The FTSE 100 is dropping like a stone again as fears over the economic implications of Covid-19 have reignited. Britain’s blue-chip index is down by triple-digit figures in Thursday business and trading at one-week lows.
Barclays (LSE: BARC) is one of the leading fallers today and is currently down by around 4%. Its descent back below the 100p per share marker isn’t hard to understand. A ghoulish raft of domestic economic data on Wednesday included news that GDP plummeted 5.8% in March, the biggest monthly decline on record.
This started the decline and shortly afterwards chancellor Rishi Sunak predicted that “a period of significant disruption and… a significant recession” is on the cards.
News flow wasn’t better over in Barclays’ US territory on Wednesday either. Federal Reserve chairman Jerome Powell called the coronavirus outbreak “the biggest shock that the economy has had in modern times.” He added that it could take years for the economy to recover. It looks like the Footsie bank is set for a world of fresh pain then.
Rates are plummeting
One problem banks like Barclays face is a likely explosion in bad loans and a long period of stagnating revenues amid tough economic conditions. This is only one side of the coin though. With the global economy moving into an eye-watering recession and a drawn-out recovery on the cards, it looks like central banks will be keeping the monetary stimulus coming thick and fast.
In yesterday’s announcement, Powell said that “while the economic response has been both timely and appropriately large, it may not be the final chapter.”
The central bank continues to flirt with the idea of bringing in negative interest rates, action which Bank of England deputy governor Bed Broadbent also suggested could be on the cards earlier this week. It’s another blow for the profits outlook of the entire banking sector.
A Footsie disaster?
Low interest rates have already wreaked havoc with the Barclays share price of course. It currently sits at 95p per share, significantly lower than the 270p it changed hands at in May 2010. The long-term effects of the coronavirus crisis isn’t the only problem for the FTSE 100 firm though.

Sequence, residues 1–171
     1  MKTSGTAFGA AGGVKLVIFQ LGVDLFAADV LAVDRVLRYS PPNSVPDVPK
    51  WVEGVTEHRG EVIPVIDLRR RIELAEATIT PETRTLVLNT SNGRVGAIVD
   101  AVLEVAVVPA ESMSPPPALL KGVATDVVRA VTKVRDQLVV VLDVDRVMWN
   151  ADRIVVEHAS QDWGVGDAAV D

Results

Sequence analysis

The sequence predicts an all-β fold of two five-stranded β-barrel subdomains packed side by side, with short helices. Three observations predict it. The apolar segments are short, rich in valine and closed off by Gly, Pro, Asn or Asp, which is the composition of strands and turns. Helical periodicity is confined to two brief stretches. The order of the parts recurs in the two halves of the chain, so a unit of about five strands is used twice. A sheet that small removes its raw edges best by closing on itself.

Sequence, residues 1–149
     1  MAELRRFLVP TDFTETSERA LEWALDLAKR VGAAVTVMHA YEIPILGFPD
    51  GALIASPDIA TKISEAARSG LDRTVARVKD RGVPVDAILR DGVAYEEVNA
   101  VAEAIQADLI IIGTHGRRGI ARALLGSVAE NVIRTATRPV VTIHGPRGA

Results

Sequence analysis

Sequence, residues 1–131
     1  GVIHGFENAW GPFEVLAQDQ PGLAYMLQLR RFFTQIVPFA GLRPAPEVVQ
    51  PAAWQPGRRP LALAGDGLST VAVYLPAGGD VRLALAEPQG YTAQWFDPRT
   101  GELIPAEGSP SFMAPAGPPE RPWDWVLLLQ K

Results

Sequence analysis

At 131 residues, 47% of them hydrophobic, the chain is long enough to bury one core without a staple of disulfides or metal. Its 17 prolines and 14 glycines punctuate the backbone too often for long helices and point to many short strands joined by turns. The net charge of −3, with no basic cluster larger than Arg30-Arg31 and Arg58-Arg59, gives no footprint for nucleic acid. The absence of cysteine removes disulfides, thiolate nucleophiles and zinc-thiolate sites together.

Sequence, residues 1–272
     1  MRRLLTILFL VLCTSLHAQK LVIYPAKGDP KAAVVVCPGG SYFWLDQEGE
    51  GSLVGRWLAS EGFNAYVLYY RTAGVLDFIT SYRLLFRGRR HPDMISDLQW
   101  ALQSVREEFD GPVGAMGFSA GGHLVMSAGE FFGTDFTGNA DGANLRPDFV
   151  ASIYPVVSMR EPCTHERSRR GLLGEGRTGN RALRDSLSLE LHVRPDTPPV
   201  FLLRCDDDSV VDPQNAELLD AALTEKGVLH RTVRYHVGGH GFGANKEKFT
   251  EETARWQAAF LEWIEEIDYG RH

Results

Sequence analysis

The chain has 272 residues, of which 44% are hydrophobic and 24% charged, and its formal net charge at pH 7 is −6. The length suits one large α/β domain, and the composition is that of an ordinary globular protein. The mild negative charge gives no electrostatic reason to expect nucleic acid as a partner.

Let’s not forget the Brexit saga has weighed heavily upon Barclays and its peers of late. They played the Bank of England’s hand when it came to lifting benchmark rates firmly away from the lows visited in the aftermath of the 2008/2009 banking crisis.
Barclays and its peers have also endured a steady uptick in loan impairments and a drop in revenues as Brexit uncertainty has weighed. Key questions remain unanswered but things could get even worse should the UK embark on a financially-destructive ‘Hard Brexit’ at the turn of 2021.
All things considered, it appears as if the 2020s will mark another decade of decline for Barclays. It simply carries too much risk and could do serious damage to your wealth and your retirement plans. I’d rather go shopping for other FTSE 100 shares today.
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Royston Wild has no position in any of the shares mentioned. The Motley Fool UK has recommended Barclays. Views expressed on the companies mentioned in this article are those of the writer and therefore may differ from the official recommendations we make in our subscription services such as Share Advisor, Hidden Winners and Pro. Here at The Motley Fool we believe that considering a diverse range of insights makes us better investors.